Tuesday, 16 August 2016

Course and Habitat Management

In response to a few concerns about certain areas on the course, here is a detailed explanation as to why this approach is taken. Lakes, ponds, streams and ditches are a regular features found on most parkland courses, and contribute to the diversity of species on the golf course. Larger ponds and lakes will often support breeding waterfowl, but also provide much wider ecological benefits for birds. Wetland areas such as these will provide habitat around the edges of the water feature for many types of prey insect, particularly dragonflies, damselflies and craneflies, as well as giving cover in which birds will nest. To ensure maximum ecological benefit from such wetlands, it is best not to cut the fringe of reed, grasses and other vegetation which grows at their edges. If it is necessary, it should be done in the autumn, after breeding birds have left. In addition, a buffer zone should be left between the wetland margin and the mown and sprayed areas of the course, so that polluting run-off does not reach the wetland areas.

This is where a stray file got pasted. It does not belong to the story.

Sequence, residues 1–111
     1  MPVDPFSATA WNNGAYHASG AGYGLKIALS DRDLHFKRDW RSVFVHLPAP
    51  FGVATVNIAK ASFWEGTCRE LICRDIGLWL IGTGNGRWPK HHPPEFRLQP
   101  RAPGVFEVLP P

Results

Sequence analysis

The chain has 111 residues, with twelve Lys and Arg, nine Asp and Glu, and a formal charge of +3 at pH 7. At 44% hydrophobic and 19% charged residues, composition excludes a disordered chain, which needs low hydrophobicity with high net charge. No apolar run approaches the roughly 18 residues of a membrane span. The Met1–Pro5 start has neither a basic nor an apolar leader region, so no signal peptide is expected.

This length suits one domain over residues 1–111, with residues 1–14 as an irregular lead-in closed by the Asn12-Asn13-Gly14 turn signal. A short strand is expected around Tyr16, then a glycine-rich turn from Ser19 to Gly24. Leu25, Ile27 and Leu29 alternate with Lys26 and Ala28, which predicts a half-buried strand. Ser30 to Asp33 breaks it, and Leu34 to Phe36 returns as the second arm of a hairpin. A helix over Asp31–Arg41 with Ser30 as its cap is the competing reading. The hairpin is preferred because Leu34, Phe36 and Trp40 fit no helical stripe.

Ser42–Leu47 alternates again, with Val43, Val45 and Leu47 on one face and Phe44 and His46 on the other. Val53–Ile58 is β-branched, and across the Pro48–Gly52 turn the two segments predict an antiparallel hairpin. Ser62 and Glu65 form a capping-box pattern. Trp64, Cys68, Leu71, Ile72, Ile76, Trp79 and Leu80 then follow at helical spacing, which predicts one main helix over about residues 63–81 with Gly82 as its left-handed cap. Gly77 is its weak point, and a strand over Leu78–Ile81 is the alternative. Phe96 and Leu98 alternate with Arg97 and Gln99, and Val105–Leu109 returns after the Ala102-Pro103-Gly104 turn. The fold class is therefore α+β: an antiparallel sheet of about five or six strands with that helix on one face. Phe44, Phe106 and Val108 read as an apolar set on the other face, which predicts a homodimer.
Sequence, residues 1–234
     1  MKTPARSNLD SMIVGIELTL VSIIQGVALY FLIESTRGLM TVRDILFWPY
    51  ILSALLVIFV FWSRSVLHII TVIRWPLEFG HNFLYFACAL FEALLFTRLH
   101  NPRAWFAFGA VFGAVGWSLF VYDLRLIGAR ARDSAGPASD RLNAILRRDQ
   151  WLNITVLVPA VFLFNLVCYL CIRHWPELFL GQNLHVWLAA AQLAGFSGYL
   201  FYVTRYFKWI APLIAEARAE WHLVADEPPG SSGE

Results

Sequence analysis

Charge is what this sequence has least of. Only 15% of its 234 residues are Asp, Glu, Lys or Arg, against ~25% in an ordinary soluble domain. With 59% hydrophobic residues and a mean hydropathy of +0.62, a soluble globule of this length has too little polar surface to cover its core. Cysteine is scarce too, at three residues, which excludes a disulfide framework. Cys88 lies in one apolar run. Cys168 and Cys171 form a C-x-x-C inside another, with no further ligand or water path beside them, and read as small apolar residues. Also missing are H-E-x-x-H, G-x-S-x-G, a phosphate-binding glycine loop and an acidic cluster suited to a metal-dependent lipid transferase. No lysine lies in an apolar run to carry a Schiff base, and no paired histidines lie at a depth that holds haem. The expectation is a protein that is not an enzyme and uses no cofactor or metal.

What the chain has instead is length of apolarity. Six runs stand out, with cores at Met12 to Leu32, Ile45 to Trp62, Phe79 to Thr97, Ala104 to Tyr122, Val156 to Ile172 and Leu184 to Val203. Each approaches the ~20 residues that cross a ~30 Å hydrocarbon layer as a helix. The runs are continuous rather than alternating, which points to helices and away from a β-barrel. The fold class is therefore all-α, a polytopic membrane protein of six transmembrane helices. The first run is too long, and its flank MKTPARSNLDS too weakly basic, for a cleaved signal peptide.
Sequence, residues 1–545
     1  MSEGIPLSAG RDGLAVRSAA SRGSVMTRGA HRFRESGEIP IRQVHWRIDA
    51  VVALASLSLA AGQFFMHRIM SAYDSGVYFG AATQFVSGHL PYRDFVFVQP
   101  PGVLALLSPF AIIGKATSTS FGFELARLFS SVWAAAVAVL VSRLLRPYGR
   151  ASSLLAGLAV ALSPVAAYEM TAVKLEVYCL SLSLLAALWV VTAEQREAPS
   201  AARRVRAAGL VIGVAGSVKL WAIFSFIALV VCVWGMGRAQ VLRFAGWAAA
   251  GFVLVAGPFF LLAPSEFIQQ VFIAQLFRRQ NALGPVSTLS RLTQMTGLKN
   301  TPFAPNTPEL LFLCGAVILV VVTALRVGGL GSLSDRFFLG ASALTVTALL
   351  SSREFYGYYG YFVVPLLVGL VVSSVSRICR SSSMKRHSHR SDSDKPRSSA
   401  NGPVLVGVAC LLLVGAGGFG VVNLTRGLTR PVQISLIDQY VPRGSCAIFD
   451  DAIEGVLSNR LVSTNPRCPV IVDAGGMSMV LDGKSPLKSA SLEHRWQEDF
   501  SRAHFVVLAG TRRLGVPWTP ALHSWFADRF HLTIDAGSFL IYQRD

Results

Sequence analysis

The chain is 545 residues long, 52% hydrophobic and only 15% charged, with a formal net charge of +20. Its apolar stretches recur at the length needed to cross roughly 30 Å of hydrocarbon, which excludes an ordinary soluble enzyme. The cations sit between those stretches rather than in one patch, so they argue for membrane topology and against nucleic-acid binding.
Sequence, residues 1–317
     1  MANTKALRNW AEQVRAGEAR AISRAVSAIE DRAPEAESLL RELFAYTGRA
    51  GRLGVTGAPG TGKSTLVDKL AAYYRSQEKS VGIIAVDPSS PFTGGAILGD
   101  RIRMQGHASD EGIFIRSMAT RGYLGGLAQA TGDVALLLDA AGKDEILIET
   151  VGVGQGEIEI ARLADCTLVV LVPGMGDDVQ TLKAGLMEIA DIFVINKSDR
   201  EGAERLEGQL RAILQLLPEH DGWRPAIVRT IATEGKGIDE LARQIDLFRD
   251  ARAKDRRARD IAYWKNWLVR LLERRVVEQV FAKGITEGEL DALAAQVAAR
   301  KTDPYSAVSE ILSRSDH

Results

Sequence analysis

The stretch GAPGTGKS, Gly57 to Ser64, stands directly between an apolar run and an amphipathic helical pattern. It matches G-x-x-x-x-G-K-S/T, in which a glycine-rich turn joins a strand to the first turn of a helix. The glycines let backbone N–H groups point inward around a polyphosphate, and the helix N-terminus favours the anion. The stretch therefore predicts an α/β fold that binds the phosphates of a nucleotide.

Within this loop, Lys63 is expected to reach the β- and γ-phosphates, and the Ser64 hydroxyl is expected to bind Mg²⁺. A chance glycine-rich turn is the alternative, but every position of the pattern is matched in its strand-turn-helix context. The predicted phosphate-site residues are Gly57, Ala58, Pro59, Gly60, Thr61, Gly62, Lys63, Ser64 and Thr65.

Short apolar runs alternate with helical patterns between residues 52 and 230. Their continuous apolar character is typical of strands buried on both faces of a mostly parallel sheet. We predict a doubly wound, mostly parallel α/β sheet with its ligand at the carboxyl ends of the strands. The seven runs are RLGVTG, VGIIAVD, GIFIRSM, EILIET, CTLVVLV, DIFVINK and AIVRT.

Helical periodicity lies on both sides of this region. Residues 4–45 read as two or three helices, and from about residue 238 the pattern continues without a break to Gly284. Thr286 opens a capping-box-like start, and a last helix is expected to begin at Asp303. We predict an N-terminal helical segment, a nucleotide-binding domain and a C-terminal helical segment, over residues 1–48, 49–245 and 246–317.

Recommended Habitat Management for birds and other wildlife on parkland golf courses
1. Reduce the extent of frequently mown areas of grassland, to create carries and areas of rough or semi-rough, thus improving course definition and increasing areas of habitat for birds. Avoid fertilising – and minimise other inputs into – these areas to encourage diversity of habitat and species;
2. Allow the development of discrete and managed areas of native scrub within areas of rough grassland;
3. Consider planting native berry-bearing trees such as rowan, wild cherry, blackthorn and holly in small groups in areas of rough grassland. Mix species randomly and plant at irregular spacings;
4. Avoid planting of non-native tree species and species not characteristic of the area 
5. Consult with the local authority tree officer, Natural England or English Heritage (as appropriate) before undertaking any management works on veteran trees. Minimise the amount of dead wood removed from or beneath old trees;
6. Leave fringes of reed, grasses and other vegetation around the edges of wetland features (lakes, ponds and streams) to provide cover for breeding birds and to buffer against runoff into the wetland;
7. Maintain, restore or replant hedgerows within the course or along its margins, leaving a wide buffer strip (at least five metres) between the hedge bottom and the mown areas.

Please note, it is due to this policy of management that the club was asked to enter into the STRI Golf Environment Awards.

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